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Where Do MPG Ratings Come From?

Every new car has a bit of paper full of numbers stuck to it. No, not the price tag, the other piece of paper… the EPA label.

Displaying the car’s rated fuel economy, these numbers can make or break a car buyer’s decision. Ever wonder how those numbers are determined? Read on.

When a car is released, the manufacturer provides its own fuel economy numbers. These are tested in-house and can vary from manufacturer to manufacturer. Many drivers don’t get the same numbers that the manufacturer says they should. It’s the government’s job to set them straight. However, due to the high number of cars released, only about 15% of the vehicles are actually tested.

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Fuel Efficient Driving Tips: How to Drive Green

Is your car using too much gas? Price for gasoline is getting up there, and if you’re not careful enough while driving, you could be spending a lot more than you have to on fuel.

There’s some good and bad news for those looking to get better mileage with each tank. First, the good: it is possible to squeeze out more miles per gallon, even without having to spend money on a new hybrid car, or extra maintenance. The bad news: it’s going to require a change in your driving habits.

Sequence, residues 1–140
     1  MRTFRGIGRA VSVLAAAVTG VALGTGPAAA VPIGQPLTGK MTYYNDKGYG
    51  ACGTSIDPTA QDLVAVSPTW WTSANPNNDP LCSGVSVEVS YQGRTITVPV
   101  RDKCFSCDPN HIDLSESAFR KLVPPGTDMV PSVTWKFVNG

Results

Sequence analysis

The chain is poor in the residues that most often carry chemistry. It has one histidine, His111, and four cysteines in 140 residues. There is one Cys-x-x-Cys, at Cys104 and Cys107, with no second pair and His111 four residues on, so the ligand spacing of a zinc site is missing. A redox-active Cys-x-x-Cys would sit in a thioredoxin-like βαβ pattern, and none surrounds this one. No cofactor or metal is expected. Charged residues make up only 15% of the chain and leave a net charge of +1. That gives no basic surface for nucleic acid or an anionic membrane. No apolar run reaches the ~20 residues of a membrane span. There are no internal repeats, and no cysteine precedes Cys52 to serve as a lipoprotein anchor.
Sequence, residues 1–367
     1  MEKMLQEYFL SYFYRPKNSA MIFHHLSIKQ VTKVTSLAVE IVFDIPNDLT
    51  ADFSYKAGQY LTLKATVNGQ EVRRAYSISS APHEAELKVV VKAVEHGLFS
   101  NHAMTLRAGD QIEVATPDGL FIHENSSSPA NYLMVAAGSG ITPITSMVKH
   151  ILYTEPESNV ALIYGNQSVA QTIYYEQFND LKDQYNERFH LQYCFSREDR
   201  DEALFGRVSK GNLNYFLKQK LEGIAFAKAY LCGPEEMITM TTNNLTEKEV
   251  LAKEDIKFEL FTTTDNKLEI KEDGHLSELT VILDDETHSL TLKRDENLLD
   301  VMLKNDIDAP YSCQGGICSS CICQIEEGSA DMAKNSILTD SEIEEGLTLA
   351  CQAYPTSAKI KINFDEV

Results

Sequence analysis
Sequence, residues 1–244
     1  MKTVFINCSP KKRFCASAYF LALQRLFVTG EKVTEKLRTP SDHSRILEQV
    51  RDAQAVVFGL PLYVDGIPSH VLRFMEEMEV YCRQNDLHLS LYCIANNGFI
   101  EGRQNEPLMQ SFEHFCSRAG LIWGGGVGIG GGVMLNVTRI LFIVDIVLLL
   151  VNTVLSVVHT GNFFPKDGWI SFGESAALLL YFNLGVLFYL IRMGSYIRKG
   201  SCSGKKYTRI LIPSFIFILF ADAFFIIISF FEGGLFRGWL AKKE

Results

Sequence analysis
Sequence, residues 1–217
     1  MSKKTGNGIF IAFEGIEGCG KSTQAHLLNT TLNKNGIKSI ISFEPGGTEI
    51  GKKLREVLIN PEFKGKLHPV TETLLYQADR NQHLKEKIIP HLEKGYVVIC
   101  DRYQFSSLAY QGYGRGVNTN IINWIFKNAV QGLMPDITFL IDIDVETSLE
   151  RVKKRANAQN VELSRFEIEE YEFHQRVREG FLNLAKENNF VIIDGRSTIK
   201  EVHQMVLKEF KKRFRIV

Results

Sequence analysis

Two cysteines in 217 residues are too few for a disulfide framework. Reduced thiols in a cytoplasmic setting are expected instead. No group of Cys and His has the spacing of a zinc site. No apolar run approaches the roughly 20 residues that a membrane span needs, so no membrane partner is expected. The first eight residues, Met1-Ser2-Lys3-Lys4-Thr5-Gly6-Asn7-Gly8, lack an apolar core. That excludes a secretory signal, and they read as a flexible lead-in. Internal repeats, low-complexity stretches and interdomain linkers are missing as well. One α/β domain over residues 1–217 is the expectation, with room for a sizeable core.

Nick Chambers, Green Car Specialist tells us that “even small changes such as driving a bit slower, anticipating traffic lights, trying to come to a full stop as little as possible, accelerating in a steady/relatively slow manner, using cruise control and planning trips to have the least amount of travel and stops, can make big differences.” In fact, these changes can account for as much as a 15 to 20% improvement, he says.

Focused on saving money and the environment from behind the wheel, ecodriving.org lists five “Golden Rules” for gas tank friendly driving, and have some reasoning behind why they work. Let’s take a look at a few tips they provide.

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EPA May Be Barred From Regulating Vehicle Greenhouse Gas Emissions

A House of Representatives committee introduced a bill that would stop the EPA from regulating greenhouse gas emissions from motor vehicles from the year 2015 onwards, a key part of a national fuel economy program that is actually favored by many automakers.

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TrueCar.Com Announces 10 Most Fuel Efficienct Hybrids And Non-Hybrids

TrueCar.com released their rankings of the Top 10 Most Fuel Efficient vehicles in both the hybrid and non-hybrid category, an important distinction according to TrueCar, because “Hybrids offer great fuel economy but most don’t provide the value consumers are seeking.”

The hybrid list is predictably topped by the Toyota Prius, followed by the Lexus CT200h and Honda Insight. The non-hybrid category is led by the Hyundai Elantra, the Chevrolet Cruze Eco and the Toyota Yaris. The much lauded diesels sold by Volkswagen and Audi took 6th through 8th spots respectively.

Hit the jump to read the official press release

[Source: TrueCar]

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Obama Proposes Significant Rise in Fuel-Efficiency Standards

Yesterday President Obama announced a new proposal being put forward to increase fuel-economy standards across the board. If enacted, the legislation would see the fleet average for passenger vehicles rise to 35.5 mpg by 2016.